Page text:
This was in addition to the traditional use of directed and subsidized credit, and direct budgetary support, for priority sectors.
The official (auction market) exchange rate was 67 sums per U.S. dollar on average in 1997, while the commercial bank rate averaged 74 sums and the curb market rate 140 sums per U.S. dollar. This chapter uses a hypothetical unified rate of 100 sums per U.S. dollar. This is for illustrative purposes only, to provide an idea of the magnitudes involved in the income redistribution which currently takes place through the exchange system. It should not be interpreted as a judgement by Fund staff about what would have constituted an equilibrium exchange rate for Uzbekistan.
On the characterization of the strategy as import substitution, see footnote 15 of Chapter I.
Credit to industry was also designed to support rapid industrialization, while credit to agriculture was necessitated by the heavy implicit taxes imposed on that sector, which led to payments difficulties.
Traditional raw materials are cotton, gold and other precious metals, ferrous metals, petroleum, and gas.
Surrender is made at the commercial bank rate since July 1998.
Due to lack of information, it is difficult to estimate the size of the curb market.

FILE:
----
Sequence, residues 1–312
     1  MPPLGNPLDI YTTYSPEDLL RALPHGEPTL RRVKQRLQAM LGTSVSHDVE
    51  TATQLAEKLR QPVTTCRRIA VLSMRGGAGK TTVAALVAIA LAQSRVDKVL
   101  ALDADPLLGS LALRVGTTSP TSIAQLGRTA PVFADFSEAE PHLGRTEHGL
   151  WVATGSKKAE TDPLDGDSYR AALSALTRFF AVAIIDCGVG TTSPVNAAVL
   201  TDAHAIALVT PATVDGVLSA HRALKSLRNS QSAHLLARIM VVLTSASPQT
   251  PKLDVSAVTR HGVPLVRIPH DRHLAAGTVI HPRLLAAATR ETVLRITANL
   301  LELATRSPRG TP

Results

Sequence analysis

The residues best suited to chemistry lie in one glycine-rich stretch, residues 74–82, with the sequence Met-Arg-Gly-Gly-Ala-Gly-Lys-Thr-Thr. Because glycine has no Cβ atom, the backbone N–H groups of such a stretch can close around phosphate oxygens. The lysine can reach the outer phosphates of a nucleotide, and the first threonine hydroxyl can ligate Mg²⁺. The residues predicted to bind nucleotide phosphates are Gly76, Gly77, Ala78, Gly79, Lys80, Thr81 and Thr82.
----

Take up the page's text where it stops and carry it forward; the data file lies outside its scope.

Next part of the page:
The central bank also acquires all locally produced gold against payment at gold’s world price, converted at the official exchange rate.
In addition, there would have been a second-order, lagged effect on goods which are partly produced domestically using imported materials and equipment.
These imports include the cost of running embassies, payments of fees to international organizations, the import component of military expenditures, and imports of medicines and materials for the public health care system.
This finding for Uzbekistan is consistent with research results for several countries (e.g., Ghana, Mexico) where existing multiple exchange practices have been shown to generate fiscal losses. See Miguel Kiguel and Stephen O’Connell, “Parallel Exchange Rates in Developing Countries,” The World Bank Research Observer, 10:1, February 1995.